Brad Setser

Follow the Money

Cross border flows, with a bit of macroeconomics

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Earthquake Aid to Pakistan

by Brad Setser
October 26, 2005

Seems missing, at least by recent standards.   Both private giving and government help from the US and Europe seem far smaller than the outpouring of generosity that followed the tsunami – look at the chart on p. A 17 of the Wall Street Journal, or this Reuters article.   That seems like a mistake to me, or at least an opportunity missed.

Obviously, the US is struggling with the consequences of a warmer Gulf of Mexico and the shift in the US population toward hurricane zones.   I am still waiting for a fully developed federal "plan" for rebuilding, and I am sure New Orleans is too.   Financing reconstruction with a diminished tax base ain't gonna be easy.

But donor and disaster fatigue are not a great excuse; Pakistan is not exactly a strategically insignificant country in the war v. terrorism.  The Wall Street Journal:

"A thinly stretched international aid machine is sputtering in a politically volatile region.  The aid crunch is unfolding in an area populated with Muslim militants who once received tacit support from the Pakistani government  …. Some analysts say a humanitarian crisis could further inflame sentiment against Western countries that are viewed as coming up short on compassion and cash."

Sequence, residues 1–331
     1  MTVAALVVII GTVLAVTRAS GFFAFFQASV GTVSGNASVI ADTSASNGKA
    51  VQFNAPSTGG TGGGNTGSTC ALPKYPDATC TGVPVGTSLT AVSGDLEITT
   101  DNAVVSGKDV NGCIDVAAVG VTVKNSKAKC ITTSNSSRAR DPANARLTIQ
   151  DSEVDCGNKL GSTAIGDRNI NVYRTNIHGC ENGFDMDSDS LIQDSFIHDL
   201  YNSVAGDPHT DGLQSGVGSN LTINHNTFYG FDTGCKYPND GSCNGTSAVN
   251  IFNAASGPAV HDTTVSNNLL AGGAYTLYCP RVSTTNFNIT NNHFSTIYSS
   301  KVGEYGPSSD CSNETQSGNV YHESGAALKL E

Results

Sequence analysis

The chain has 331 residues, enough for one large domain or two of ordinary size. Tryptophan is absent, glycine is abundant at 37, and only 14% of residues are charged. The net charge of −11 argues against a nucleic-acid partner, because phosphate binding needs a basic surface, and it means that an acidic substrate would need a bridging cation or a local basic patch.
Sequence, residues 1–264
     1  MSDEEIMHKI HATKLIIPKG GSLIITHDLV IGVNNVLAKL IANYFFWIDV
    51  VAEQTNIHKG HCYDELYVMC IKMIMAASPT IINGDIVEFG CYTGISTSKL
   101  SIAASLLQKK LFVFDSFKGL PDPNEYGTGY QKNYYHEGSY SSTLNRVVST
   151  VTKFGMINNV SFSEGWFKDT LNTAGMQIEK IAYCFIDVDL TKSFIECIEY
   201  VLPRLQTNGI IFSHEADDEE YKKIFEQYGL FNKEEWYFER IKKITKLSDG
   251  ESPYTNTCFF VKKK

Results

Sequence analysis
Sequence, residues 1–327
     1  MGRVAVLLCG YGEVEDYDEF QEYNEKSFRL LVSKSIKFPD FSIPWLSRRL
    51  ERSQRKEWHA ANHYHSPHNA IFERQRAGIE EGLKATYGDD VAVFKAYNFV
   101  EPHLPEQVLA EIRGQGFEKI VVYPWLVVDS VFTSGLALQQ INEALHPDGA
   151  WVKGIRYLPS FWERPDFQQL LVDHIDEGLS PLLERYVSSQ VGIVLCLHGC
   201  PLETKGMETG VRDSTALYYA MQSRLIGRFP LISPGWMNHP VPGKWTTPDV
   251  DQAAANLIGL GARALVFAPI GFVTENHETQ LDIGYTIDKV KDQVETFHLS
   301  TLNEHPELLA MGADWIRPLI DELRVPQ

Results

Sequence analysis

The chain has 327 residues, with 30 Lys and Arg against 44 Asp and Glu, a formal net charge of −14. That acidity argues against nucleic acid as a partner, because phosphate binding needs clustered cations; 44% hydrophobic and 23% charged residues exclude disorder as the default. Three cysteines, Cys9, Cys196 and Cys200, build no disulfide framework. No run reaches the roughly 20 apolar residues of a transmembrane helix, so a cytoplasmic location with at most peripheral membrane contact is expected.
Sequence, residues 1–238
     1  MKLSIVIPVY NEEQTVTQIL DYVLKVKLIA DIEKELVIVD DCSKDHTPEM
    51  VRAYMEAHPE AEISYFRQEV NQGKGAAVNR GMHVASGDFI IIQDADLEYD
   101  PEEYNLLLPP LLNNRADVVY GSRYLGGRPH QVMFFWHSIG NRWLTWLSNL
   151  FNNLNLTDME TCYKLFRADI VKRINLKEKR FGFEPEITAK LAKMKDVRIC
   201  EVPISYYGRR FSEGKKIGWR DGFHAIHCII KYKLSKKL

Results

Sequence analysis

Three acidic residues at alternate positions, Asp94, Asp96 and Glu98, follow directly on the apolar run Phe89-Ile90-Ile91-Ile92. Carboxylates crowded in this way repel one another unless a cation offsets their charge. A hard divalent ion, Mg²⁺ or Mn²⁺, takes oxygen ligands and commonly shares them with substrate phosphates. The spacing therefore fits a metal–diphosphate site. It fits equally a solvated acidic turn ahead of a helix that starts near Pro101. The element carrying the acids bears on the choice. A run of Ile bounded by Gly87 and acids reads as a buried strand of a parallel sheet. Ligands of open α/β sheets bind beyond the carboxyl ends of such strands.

I second Suzanne Nossel.


  • Posted by Diego

    Yes, so what about a more important role for the private sector – they have proven effective in both SEAsia and New Orleans. See this post over at the World Bank Blog:

    Many have suggested that the outpouring of support during the Tsnumi was also linked to the holiday season. More people were at home eating large holiday meals or on vacation with the families (the southern hemisphere was in the middle of their summer vacations) – and in a more “holiday” spirit.

    Finally, it is sad to say, but the fact that it was a Tsunami and not “another” earthquake seized the media attention and curiosity of people. The homevideo images of tourists were far more influencing than the aerial shots we are getting from Pakistan.

    But of course you are right, I am shocked that a country of such geopolitical significance has not received more attention.

    PS: It was also apparently “Blog Quake Day” today as well. (See the above post)

  • Posted by bsetser

    Blog quake day — guess I should be more plugged into the blogosphere of the subcontinent … I was responding more to the news flow

  • Posted by Anonymous

    Brad, please feel free to step in and make a donation to the cause. Please rest assured that the rest of us are comfortable with your generosity. Again I encourage you and Suzanne to donate all you wish. Finally, your sermons are not as good as your economics (even when you call upon Suzanne).

  • Posted by bsetser

    I did not know this was a sermon; only highlighting what does to me seem like a real missed opportunity. You can add Anne-Marie Slaughter to the Nossel/ Setser list.

    Do you have a specific argument against a bigger effort? Look at the WSJ article i linked too — it was rather surprising to me.